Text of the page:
On the surface, just another flippant remark by Oscar Wilde. It is easy to overlook the full depth of the observation while admiring the perfect use of his favourite technique - a kind of semantic reversion that juxtaposes the banal with the unexpected and turns everyday concepts on their heads ("Work is the curse of the drinking classes" is the perfect example).

However, as is often the case with Wilde, once you stop and think about it, you find a wealth of ideas to be considered.

Is belief impossible without disbelief? Say one believes in Christ, surely that means the same person does not believe in the Greek gods? So, is Faith, with a capital F, really just another privative?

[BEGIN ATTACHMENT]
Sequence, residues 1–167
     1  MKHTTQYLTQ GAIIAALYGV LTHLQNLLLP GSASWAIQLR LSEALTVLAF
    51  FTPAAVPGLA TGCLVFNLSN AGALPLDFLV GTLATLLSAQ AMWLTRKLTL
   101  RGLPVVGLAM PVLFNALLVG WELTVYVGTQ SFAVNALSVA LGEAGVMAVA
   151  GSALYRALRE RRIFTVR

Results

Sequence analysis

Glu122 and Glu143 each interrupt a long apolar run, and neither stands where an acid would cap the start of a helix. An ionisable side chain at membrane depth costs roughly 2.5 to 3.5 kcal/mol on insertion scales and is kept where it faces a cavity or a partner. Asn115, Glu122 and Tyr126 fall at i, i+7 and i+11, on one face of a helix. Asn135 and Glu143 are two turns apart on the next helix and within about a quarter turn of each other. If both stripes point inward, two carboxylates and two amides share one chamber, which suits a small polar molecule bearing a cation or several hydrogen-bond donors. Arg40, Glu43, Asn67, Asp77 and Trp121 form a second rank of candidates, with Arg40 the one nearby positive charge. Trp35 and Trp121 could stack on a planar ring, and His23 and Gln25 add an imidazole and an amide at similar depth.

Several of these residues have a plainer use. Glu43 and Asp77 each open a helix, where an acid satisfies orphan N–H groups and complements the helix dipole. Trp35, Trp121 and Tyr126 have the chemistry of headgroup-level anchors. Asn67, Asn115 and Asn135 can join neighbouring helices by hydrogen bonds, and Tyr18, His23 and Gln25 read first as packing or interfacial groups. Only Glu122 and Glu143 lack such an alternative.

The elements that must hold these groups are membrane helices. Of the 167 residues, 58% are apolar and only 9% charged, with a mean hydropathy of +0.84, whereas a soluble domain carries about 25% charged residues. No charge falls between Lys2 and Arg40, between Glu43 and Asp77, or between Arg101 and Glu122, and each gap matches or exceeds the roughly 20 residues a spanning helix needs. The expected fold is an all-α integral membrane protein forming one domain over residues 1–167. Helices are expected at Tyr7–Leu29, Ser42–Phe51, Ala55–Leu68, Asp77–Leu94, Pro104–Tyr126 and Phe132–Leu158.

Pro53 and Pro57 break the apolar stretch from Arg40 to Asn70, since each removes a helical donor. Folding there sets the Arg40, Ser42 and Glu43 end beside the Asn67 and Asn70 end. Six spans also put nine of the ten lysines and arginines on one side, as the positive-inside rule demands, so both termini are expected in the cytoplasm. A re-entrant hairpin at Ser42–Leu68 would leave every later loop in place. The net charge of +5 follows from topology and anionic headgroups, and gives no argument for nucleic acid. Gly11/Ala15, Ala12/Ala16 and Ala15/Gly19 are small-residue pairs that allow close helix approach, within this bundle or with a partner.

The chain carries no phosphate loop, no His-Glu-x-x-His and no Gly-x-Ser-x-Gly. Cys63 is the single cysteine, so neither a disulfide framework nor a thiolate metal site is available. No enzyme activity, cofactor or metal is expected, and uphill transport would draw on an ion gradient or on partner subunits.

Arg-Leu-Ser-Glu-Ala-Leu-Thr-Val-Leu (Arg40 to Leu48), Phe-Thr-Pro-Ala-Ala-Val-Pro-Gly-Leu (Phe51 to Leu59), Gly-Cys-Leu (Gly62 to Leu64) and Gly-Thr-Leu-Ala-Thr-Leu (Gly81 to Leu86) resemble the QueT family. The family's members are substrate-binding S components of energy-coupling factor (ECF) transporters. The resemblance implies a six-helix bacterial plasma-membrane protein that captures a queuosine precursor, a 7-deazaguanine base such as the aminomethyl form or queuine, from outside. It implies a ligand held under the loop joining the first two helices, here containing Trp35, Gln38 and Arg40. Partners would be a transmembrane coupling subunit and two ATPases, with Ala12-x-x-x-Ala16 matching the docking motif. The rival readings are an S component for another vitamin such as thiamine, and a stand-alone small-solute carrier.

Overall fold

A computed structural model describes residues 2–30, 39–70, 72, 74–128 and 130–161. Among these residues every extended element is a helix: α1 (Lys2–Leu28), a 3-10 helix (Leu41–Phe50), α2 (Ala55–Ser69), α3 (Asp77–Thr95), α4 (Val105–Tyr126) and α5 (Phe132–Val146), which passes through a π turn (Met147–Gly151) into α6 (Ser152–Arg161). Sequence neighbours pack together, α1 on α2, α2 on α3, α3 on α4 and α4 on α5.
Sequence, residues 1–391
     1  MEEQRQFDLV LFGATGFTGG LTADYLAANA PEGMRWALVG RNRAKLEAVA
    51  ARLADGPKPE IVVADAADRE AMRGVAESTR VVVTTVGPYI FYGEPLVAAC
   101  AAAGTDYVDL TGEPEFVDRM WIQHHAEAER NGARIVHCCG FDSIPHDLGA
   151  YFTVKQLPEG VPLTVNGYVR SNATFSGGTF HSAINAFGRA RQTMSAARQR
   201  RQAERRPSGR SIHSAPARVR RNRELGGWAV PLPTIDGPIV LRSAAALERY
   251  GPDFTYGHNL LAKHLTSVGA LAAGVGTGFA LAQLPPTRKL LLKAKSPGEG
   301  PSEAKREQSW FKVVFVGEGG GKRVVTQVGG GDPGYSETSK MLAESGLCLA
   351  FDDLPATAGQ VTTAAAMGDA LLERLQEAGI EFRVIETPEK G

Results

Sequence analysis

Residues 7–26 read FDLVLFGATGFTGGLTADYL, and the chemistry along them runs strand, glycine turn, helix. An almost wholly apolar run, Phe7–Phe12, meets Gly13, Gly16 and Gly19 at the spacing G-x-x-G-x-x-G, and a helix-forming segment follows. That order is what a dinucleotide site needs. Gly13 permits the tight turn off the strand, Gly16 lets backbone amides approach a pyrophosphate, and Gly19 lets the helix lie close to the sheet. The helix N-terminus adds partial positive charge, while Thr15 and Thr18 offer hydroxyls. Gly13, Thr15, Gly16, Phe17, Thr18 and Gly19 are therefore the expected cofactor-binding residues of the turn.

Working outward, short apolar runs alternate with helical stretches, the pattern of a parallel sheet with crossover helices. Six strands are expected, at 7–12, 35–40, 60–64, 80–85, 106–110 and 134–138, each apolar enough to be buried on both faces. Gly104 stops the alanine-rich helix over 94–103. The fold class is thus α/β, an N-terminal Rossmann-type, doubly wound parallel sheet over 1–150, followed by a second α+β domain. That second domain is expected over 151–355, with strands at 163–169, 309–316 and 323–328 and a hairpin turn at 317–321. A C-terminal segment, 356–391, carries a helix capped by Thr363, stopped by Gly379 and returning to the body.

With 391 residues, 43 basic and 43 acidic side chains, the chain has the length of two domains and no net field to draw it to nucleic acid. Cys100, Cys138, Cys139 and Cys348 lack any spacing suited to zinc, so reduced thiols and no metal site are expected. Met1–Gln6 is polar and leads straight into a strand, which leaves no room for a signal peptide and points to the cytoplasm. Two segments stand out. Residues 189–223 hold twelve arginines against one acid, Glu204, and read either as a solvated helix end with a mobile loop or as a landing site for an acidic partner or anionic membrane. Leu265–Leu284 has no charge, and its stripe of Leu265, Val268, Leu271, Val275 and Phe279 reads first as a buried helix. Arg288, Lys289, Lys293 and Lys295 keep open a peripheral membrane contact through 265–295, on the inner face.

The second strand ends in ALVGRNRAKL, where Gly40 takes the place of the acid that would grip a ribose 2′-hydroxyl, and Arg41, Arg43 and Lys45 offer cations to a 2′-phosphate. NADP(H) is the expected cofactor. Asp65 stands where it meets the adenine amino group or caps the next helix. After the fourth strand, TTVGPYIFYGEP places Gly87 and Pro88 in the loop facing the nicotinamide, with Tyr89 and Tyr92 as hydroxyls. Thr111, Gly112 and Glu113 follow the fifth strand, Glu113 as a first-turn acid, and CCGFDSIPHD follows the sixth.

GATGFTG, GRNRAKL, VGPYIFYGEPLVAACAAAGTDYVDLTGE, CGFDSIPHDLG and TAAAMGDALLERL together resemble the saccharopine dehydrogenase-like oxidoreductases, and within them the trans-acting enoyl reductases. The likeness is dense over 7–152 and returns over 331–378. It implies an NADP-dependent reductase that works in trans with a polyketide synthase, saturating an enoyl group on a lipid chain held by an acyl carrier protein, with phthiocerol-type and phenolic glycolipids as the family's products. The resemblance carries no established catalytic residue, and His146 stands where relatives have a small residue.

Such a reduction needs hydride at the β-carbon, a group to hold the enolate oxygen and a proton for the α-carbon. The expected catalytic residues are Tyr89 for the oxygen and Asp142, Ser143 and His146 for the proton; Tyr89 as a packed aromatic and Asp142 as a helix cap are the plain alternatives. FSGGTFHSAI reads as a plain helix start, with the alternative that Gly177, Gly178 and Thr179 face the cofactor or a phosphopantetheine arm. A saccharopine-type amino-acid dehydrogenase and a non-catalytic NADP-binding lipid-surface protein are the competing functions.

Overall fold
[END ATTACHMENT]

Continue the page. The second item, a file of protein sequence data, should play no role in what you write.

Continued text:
Or is it the case that true, deep and abiding faith is impossible without a preliminary process of searching through doubt and examination? So, is the blind and loyal faith most religions require of their followers really a perversion of the true principle?

I'm sure there are more angles from which this issue can be considered. I don't presume to know them all. I just can't stop being amazed and awed by the elegance, brevity, humour and ease with which Wilde characterises people, social phenomena and, as in this case, whole metaphysical concepts.